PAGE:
You are reading 1 of 2 free-access articles allowed for 30 days
The IMO will examine the possibility of industrial action if the HSE’s “promise” of initiating intern induction pay this year is not realised, according to IMO Director of Industrial Relations, NCHDs and Consultants, Mr Anthony Owens.
Speaking to the Medical Independent (MI) at the Organisation’s AGM in Killarney, Mr Owens also referred to a series of cases the IMO has taken to the Workplace Relations Commission (WRC) on behalf of interns over this issue.
Mr Owens confirmed that industrial action is one of the options to address the matter. On whether this would be a national action, if initiated, Mr Owens said: “We’d have to see; obviously our NCHD committee would make that determination… I know the NCHD committee are very, very clear on this, this has to stop, a line has to be drawn on this.”
The union’s goal is that induction pay will commence for the cohort starting in July, which Mr Owens said was promised by HSE National Doctors Training and Planning and must be honoured.
According to Mr Owens, “you only get one chance to make a decent first impression” and being compelled to work for free for two weeks in the Irish health service “is a pretty bad first impression”.
“We will be seeking engagement on this urgently, to ensure those due to join the system in July are paid,” he told MI.
Earlier, HSE National Director of Human Resources Ms Rosarii Mannion told a forum with NCHDs: “My line on this is very simple. And I am obviously not holding the purse strings here, every payment we make must be approved by both the Department of Health and DPER but my line…if you are at your place of work at the request of the employer, you must be paid.”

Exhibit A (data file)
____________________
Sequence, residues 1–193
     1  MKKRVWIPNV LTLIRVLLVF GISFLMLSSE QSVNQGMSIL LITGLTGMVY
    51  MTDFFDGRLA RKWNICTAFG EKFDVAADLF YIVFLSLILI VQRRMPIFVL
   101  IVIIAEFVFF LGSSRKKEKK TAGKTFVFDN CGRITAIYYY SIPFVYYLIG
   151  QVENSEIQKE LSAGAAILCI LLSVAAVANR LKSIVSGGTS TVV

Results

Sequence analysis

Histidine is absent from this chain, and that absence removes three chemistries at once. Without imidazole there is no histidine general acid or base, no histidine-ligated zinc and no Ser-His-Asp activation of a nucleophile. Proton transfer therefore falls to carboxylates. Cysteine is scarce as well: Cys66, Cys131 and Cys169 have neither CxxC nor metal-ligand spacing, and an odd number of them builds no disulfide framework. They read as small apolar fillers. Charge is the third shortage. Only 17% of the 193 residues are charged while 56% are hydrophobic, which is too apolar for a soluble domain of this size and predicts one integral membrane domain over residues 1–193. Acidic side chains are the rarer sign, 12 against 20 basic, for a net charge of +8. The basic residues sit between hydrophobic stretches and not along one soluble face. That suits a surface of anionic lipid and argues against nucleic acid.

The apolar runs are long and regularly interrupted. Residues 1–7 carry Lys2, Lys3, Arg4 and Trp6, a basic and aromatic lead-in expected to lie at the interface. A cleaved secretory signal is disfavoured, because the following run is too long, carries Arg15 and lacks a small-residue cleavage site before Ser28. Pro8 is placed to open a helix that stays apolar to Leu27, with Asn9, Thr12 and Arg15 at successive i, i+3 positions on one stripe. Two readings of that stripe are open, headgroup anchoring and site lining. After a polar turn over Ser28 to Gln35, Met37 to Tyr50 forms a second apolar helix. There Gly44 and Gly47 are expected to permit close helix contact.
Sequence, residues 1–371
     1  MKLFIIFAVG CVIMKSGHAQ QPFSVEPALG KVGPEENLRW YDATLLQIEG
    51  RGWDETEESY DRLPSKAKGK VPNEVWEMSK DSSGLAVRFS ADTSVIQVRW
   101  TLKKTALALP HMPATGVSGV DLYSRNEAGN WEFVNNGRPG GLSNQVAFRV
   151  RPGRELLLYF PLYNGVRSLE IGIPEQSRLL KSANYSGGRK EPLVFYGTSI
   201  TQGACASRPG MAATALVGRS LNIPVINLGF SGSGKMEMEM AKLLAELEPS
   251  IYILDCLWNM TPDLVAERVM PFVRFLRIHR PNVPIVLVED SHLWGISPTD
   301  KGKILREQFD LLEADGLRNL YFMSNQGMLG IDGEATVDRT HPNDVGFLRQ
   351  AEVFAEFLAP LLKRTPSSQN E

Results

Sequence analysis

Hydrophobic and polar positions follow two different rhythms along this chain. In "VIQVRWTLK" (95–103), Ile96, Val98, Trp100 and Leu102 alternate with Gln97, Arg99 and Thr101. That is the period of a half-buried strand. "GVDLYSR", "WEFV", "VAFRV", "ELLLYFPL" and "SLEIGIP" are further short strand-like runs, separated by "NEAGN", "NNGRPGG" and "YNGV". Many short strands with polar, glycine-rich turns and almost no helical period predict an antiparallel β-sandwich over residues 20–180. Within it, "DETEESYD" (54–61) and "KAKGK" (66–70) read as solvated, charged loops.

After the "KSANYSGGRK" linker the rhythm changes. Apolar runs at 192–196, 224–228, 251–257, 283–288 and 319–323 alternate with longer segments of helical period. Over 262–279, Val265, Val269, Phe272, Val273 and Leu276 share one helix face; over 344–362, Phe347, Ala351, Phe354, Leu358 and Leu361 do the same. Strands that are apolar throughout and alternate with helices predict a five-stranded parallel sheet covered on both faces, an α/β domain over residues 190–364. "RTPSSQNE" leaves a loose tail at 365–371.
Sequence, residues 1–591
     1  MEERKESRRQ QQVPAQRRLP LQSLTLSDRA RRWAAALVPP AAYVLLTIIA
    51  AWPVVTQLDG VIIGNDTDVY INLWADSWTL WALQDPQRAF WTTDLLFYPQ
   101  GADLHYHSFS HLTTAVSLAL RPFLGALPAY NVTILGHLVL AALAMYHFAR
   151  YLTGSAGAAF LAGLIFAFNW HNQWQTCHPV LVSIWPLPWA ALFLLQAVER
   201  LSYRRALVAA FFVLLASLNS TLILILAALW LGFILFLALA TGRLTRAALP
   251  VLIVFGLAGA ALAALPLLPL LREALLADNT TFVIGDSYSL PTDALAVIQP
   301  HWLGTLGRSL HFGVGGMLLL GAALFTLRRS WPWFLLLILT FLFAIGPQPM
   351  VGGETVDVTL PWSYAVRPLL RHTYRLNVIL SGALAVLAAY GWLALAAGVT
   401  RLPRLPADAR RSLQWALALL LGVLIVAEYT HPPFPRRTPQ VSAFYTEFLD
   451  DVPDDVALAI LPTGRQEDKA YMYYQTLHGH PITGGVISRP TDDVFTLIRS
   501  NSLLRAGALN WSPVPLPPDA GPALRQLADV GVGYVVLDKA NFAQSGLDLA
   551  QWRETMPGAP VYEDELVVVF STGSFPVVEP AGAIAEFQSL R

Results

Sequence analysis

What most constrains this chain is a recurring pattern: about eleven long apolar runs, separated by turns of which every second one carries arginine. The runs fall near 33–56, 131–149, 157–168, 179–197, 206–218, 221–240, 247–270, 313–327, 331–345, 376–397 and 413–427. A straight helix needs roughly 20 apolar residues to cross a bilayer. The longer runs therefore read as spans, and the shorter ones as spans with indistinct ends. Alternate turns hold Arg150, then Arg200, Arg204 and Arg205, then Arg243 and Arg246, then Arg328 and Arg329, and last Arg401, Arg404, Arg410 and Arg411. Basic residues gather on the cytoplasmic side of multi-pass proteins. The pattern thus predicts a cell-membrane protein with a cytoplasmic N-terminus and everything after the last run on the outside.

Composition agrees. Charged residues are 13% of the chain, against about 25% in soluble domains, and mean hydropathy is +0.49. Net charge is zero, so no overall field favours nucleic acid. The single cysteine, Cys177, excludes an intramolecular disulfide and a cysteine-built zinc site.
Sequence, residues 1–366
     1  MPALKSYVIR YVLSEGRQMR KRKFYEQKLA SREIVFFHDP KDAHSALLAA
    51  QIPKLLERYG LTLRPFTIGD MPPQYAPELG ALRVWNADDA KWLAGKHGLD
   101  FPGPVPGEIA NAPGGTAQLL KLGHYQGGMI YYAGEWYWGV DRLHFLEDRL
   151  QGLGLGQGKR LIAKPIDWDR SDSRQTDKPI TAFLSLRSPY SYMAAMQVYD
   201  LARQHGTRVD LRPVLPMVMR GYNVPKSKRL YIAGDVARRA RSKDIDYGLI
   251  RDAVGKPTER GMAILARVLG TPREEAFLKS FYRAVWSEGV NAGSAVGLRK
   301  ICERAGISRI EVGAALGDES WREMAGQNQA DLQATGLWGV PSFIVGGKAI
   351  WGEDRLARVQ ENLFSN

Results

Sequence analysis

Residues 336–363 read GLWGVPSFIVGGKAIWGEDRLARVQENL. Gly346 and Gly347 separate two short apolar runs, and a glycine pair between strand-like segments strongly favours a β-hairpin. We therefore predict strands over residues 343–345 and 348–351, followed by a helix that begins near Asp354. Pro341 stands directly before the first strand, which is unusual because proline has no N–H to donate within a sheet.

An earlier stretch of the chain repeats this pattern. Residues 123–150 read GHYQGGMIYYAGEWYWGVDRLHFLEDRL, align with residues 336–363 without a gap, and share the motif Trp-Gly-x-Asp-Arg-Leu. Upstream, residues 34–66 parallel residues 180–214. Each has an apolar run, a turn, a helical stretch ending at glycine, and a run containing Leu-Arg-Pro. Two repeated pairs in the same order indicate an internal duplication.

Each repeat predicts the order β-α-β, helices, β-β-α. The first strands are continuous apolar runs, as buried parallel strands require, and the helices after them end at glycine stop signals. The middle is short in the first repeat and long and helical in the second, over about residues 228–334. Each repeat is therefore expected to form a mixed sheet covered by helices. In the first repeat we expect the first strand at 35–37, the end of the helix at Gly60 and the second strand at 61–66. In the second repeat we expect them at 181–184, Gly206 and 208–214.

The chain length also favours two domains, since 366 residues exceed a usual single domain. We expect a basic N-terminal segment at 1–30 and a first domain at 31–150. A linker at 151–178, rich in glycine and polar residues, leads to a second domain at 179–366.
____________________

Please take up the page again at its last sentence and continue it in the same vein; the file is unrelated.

Ms Mannion said she hoped the matter could be addressed in the next few weeks.
“We absolutely cannot stand by and see things that are impeding our workforce and not try and address them in a genuine way.”
However, in response, NCHD Committee Chair Dr Paddy Hillery said: “You and your colleagues in the HSE and Department of Health agree with us that when interns are required to attend for intern induction, they should be paid. However, just a few weeks ago, you told us there was no money available to do so….”
He said interns working for no pay was “inexcusable and we will not allow it to continue”.
“The incoming group of interns are organised and our membership from intern to consultant is standing behind them in solidarity on this issue. Significant numbers of cases are slated to commence before the WRC on this topic and we are prepared to consider all options, up to and including industrial action, to ensure this practice ends. We wish to continue our positive engagement.”
Speaking to MI, Ms Mannion said: “There will be intensive discussions commencing immediately and hopefully we can get them resolved. I can’t give a commitment because obviously there is a huge financial implication here and a precedent that will be set, but we will engage in intensive discussions with a view to trying to move things on as far as we can.”
Later at the AGM, Minister for Health Simon Harris said if a person was directed by their employer to be at work, they deserved to be paid.
Dr Vincent Maher, Consultant Cardiologist, Tallaght Hospital, Dublin, told delegates that there could be up to...
An update to the Covid-19 vaccination programme as a result of the threat posed by the...
There is “no central collation” of data on Covid-19 staff derogations during the pandemic in either...